Why hasn't 'let's collaborate' been considered?

If it's that good an idea, it's in your departments best interest to pursue it. Moreover, inter-departmental collaborations look good, and often lead to a powerful product. Remember, you're fighting for the same team.

Is it really the case that you both have the exact same idea? More commonly, you've wandered into a field that your colleague feels territorial over. Give him or her their props, toss them a compliment, then suggest you team up. Suggest a two-paper series with them as senior author on one and you on the other.

You have to be able to navigate these things because they don't go away, even if you do decide to leave the institution.


If you were smart enough to have it version-controlled, ask them to provide the documentation that theirs is older. If they can't and still demand you turn over your work and credit, inform the board of regents/trustees for your institution that an exposure of an ethics crisis and bad publicity for the institution are looming unless this problem is addressed immediately. Nothing gets the head honchos moving like the threat of a scandal being broken on national news.

If their project is older, ask to collaborate, because you've obviously shown the initiative to get as far as you have. If they're not open to that, say you will publish only derivative or orthogonal work to theirs and give them ample credit, but that you're passionate and want to pursue it. Usually even the old guard can be brought around by a combination of congeniality and reason.

In reply to the person below: I fail to see how that's harsh. I was using Git since my third semester in university, and the professor who introduced it had worked in university for the bulk of his career as a theoretician. Academics not keeping up with tech and best practices is a reason academics get a bad rap. If you did not defend yourself reasonably against known problems in academic power structures, I have no sympathy for you. I had my own poaching attempts I had to fight off as a Computer Science grad. If you don't cover even basic defences like this, exactly how smart are you really?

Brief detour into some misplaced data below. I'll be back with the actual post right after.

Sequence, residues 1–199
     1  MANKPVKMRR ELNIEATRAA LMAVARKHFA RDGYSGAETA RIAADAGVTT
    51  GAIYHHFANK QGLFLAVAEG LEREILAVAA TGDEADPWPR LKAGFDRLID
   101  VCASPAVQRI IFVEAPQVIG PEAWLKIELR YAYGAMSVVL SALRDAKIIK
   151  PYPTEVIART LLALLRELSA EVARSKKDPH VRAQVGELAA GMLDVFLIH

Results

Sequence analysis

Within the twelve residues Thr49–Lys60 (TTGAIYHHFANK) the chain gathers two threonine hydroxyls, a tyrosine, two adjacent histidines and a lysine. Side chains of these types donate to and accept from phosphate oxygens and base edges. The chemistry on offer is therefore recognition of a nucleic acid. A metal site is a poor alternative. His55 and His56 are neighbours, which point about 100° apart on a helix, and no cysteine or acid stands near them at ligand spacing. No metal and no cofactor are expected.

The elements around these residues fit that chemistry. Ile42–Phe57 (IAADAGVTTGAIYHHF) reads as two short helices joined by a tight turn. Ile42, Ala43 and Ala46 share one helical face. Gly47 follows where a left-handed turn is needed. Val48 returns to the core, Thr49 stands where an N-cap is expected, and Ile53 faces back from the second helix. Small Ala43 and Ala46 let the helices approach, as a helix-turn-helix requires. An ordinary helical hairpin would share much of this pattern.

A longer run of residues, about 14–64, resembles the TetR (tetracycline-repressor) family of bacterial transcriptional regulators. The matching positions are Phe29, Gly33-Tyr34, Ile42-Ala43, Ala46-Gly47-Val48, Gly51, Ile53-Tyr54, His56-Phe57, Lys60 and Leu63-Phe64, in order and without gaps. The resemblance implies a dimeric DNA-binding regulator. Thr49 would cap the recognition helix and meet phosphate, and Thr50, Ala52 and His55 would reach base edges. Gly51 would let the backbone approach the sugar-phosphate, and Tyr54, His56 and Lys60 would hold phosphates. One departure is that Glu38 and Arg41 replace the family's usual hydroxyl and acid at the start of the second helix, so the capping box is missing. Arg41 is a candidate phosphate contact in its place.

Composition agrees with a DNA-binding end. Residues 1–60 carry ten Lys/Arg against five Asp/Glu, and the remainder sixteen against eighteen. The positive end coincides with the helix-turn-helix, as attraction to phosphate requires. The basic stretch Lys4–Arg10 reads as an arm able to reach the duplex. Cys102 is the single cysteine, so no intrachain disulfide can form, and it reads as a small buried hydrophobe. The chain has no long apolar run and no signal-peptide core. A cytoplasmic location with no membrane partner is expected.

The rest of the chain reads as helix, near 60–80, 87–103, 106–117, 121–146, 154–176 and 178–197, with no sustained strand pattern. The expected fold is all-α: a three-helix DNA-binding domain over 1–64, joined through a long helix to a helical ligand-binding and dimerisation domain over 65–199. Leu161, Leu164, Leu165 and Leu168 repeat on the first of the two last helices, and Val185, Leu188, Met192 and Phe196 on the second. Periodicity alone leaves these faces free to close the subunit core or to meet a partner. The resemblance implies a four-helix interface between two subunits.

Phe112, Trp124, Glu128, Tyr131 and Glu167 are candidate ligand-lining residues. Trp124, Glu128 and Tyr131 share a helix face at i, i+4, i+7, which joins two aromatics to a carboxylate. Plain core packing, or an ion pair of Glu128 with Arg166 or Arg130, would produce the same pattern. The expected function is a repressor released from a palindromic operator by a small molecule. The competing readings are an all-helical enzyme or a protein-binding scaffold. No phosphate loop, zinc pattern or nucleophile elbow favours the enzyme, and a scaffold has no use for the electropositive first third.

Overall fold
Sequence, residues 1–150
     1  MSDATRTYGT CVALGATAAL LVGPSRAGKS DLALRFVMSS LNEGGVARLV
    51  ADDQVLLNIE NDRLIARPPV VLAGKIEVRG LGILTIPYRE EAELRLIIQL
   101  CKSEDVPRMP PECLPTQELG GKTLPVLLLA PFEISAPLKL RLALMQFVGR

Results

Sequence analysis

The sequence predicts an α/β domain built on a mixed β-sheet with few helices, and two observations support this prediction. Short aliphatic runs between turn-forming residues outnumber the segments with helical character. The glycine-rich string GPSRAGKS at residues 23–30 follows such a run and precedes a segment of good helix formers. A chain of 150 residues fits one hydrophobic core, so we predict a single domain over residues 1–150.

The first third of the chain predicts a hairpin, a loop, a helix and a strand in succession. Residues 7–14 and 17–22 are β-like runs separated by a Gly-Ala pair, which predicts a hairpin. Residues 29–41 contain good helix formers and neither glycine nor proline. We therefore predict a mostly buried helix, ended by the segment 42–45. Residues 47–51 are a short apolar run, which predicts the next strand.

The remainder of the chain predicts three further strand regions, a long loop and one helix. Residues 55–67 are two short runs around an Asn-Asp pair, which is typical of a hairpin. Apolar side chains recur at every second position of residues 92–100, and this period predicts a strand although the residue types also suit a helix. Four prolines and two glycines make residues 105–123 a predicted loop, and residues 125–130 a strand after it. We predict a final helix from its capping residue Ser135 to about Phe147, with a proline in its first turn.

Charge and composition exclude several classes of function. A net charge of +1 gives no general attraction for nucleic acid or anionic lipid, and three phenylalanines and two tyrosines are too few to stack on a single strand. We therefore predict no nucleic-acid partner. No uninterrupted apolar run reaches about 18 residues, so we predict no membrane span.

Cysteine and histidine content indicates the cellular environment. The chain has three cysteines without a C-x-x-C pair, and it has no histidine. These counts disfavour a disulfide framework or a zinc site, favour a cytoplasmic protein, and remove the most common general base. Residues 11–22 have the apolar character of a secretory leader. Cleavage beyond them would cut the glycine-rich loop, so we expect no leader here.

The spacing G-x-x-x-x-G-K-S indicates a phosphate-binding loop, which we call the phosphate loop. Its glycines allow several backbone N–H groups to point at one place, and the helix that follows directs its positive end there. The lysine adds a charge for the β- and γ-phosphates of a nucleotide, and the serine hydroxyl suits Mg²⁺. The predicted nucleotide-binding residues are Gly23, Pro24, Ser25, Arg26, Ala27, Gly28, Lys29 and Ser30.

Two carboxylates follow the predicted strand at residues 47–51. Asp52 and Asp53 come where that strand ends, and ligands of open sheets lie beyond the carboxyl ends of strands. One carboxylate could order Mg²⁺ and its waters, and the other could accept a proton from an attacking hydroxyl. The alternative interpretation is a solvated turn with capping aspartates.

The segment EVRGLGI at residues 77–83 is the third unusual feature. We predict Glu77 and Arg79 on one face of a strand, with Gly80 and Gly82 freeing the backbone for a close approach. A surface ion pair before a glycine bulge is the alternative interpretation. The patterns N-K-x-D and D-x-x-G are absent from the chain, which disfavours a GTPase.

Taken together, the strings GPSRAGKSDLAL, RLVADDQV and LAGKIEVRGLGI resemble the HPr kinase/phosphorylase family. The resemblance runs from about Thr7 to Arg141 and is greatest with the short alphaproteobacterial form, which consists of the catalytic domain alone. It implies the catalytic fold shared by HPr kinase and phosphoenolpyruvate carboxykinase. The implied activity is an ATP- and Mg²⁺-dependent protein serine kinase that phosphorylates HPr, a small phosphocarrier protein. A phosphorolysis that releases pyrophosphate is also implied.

In regards to further replies, you can't back-date verified version control very easily, and you certainly can't do it at all with Git or Stash. If you're still using SVN, seriously, get out of the stone ages.

And as a final defense against these parasites, just encrypt your data with AES 256 and throw away the keys. It's a cheap, effective way to prevent their ill-gotten gains.

  • 4
    If you were smart enough to have it version-controlled -- that seems a bit harsh, as I doubt most people use version control (outside of anyone who deals with software). Though hopefully with projects like the Open Science Framework, it'll become more and more prevalent.
    – tonysdg
    Oct 14 '16 at 1:23
  • 2
    A question: how does vc solve the problem? The OP could have changed the dates on their system and then post-hoc version controlled their work. What's the protocol that you have in mind that would guarantee authentication? Oct 14 '16 at 2:12
  • 9
    I have a git commit dated in the 18th century. That proves that I am 300 years old, and I invented computers, Linux, and git before the French revolution.
    – Davidmh
    Oct 14 '16 at 7:45
  • 3
    So in a post where you make disparaging remarks about the knowledge of technology in others you fail to understand the difference between Git and Github. The irony is great. Oct 15 '16 at 5:23
  • 2
    Github is ok assuming you are happy to have it public (or are ready to pay). In the first case, your bosses are not the only one that can scoop you. Oct 15 '16 at 11:11